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How to use RMI with applet client behind a firewall?

How can I use RMI with a applet client behind a firewall?

How can I use RMI with a firewalled server and firewalled applet client? (If possible)

I know that the RMI server uses port 1099 (by default, but this is configurable); however after this the communication requires a new socket on a different random port. I also know that you can set the proxy on the client for RMI over HTTP tunneling which in theory should solve my issue. But I can’t make it work (I tried setting the environmental properties on my XP client, but Internet Explorer keeps ignoring them).

Answer

See http://java.sun.com/javase/6/docs/technotes/guides/rmi/faq.html#firewall

Categories
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HTML text input allow only numeric input

Is there a quick way to set an HTML text input (<input type=text />) to only allow numeric keystrokes (plus ‘.’)?

Answer

Note: This is an updated answer. Comments below refer to an old version which messed around with keycodes.

JavaScript

Try it yourself on JSFiddle.

You can filter the input values of a text <input> with the following setInputFilter function (supports Copy+Paste, Drag+Drop, keyboard shortcuts, context menu operations, non-typeable keys, the caret position, different keyboard layouts, and all browsers since IE 9):

// Restricts input for the given textbox to the given inputFilter function.
function setInputFilter(textbox, inputFilter) {
  ["input", "keydown", "keyup", "mousedown", "mouseup", "select", "contextmenu", "drop"].forEach(function(event) {
    textbox.addEventListener(event, function() {
      if (inputFilter(this.value)) {
        this.oldValue = this.value;
        this.oldSelectionStart = this.selectionStart;
        this.oldSelectionEnd = this.selectionEnd;
      } else if (this.hasOwnProperty("oldValue")) {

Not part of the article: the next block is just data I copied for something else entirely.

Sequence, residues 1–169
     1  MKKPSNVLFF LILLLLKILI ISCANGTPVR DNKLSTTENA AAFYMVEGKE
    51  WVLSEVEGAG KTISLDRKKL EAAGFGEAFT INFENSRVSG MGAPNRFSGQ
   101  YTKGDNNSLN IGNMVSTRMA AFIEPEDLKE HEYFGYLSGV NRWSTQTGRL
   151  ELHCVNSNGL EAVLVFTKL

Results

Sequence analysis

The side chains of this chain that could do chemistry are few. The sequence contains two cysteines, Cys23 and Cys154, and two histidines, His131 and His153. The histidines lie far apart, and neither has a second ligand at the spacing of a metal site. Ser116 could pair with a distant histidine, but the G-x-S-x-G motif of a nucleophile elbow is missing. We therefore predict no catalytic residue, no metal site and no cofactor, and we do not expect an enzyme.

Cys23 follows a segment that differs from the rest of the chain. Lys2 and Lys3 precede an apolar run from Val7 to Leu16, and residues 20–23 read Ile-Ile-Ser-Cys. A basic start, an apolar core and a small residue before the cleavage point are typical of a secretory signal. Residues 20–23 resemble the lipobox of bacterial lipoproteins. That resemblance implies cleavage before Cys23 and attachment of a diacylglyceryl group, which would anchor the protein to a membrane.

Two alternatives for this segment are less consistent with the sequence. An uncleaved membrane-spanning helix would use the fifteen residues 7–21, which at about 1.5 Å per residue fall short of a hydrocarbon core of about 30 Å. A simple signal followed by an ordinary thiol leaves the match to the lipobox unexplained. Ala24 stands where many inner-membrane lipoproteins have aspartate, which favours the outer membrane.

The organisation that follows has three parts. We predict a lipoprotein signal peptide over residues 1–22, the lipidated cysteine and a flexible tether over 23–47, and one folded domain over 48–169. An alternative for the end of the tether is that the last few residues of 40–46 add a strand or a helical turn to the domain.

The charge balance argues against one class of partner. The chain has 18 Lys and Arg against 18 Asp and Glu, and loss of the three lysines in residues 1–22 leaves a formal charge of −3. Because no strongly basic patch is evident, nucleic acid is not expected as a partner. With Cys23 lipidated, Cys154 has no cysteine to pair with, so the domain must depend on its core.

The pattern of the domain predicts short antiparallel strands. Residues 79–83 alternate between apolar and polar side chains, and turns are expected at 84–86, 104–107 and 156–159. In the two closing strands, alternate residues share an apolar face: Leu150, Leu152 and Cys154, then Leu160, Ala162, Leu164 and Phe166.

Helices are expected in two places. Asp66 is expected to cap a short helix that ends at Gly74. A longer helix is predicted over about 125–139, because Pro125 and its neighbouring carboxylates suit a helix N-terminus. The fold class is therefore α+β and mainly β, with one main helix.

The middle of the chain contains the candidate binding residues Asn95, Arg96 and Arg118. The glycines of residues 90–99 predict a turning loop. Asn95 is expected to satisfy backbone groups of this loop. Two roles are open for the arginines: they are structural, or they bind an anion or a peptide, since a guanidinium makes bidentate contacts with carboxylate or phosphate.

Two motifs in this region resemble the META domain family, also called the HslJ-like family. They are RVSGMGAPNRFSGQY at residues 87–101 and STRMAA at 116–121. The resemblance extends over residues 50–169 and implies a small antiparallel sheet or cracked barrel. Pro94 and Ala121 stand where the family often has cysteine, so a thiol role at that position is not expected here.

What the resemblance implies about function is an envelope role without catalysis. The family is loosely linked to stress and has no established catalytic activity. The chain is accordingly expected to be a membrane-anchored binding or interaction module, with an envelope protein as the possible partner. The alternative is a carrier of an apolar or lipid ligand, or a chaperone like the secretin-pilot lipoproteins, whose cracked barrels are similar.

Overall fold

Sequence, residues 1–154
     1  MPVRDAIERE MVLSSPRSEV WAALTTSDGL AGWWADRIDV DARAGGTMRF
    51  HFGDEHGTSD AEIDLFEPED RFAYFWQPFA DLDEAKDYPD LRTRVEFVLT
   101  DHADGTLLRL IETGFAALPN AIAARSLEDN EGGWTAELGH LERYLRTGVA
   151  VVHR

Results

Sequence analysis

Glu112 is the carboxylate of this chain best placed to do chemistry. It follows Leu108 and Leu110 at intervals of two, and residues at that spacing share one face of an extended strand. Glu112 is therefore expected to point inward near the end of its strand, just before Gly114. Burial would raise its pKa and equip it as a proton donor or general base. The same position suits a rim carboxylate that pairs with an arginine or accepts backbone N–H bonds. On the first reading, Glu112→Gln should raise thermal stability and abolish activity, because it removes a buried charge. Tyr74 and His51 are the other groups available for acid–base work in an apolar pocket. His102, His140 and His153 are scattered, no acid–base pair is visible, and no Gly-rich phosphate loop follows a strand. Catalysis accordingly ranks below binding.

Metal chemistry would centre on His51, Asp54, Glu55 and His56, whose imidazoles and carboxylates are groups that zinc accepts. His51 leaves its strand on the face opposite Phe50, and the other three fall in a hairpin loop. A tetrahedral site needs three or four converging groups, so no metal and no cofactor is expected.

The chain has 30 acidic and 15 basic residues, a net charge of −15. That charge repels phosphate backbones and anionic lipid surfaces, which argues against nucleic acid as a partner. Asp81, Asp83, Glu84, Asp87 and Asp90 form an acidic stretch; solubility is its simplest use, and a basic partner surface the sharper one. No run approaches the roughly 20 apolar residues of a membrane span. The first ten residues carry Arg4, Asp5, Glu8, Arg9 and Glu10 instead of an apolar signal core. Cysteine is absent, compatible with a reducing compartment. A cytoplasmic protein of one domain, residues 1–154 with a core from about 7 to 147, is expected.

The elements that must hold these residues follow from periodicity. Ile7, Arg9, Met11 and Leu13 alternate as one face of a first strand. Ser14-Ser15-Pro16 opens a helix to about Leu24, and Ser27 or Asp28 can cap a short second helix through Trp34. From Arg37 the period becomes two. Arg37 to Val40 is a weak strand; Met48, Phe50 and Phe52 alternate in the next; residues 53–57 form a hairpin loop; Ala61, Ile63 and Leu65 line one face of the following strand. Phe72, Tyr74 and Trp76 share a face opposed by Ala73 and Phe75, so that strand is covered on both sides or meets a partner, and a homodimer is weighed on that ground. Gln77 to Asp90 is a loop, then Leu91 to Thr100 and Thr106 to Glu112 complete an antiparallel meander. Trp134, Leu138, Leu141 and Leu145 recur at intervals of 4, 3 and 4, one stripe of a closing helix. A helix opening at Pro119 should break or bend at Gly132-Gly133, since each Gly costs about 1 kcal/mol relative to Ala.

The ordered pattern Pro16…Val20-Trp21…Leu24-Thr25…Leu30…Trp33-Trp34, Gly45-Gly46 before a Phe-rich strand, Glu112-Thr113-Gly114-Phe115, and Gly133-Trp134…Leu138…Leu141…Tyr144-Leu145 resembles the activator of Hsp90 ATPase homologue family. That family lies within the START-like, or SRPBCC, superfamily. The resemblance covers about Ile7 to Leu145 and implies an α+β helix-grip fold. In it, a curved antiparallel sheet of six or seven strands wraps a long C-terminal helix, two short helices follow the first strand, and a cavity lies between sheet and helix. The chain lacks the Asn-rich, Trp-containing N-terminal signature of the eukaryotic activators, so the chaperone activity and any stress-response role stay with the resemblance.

this.value = this.oldValue;
        this.setSelectionRange(this.oldSelectionStart, this.oldSelectionEnd);
      } else {
        this.value = "";
      }
    });
  });
}

You can now use the setInputFilter function to install an input filter:

setInputFilter(document.getElementById("myTextBox"), function(value) {
  return /^d*.?d*$/.test(value); // Allow digits and '.' only, using a RegExp
});

See the JSFiddle demo for more input filter examples. Also note that you still must do server side validation!

TypeScript

Here is a TypeScript version of this.

function setInputFilter(textbox: Element, inputFilter: (value: string) => boolean): void {
    ["input", "keydown", "keyup", "mousedown", "mouseup", "select", "contextmenu", "drop"].forEach(function(event) {
        textbox.addEventListener(event, function(this: (HTMLInputElement | HTMLTextAreaElement) & {oldValue: string; oldSelectionStart: number | null, oldSelectionEnd: number | null}) {
            if (inputFilter(this.value)) {
                this.oldValue = this.value;
                this.oldSelectionStart = this.selectionStart;
                this.oldSelectionEnd = this.selectionEnd;
            } else if (Object.prototype.hasOwnProperty.call(this, 'oldValue')) {
                this.value = this.oldValue;
                if (this.oldSelectionStart !== null &&
                    this.oldSelectionEnd !== null) {
                    this.setSelectionRange(this.oldSelectionStart, this.oldSelectionEnd);
                }
            } else {
                this.value = "";
            }
        });
    });
}

jQuery

There is also a jQuery version of this. See this answer.

HTML 5

HTML 5 has a native solution with <input type="number"> (see the specification), but note that browser support varies:

  • Most browsers will only validate the input when submitting the form, and not when typing.
  • Most mobile browsers don’t support the step, min and max attributes.
  • Chrome (version 71.0.3578.98) still allows the user to enter the characters e and E into the field. Also see this question.
  • Firefox (version 64.0) and Edge (EdgeHTML version 17.17134) still allow the user to enter any text into the field.

Try it yourself on w3schools.com.

Source: stackoverflow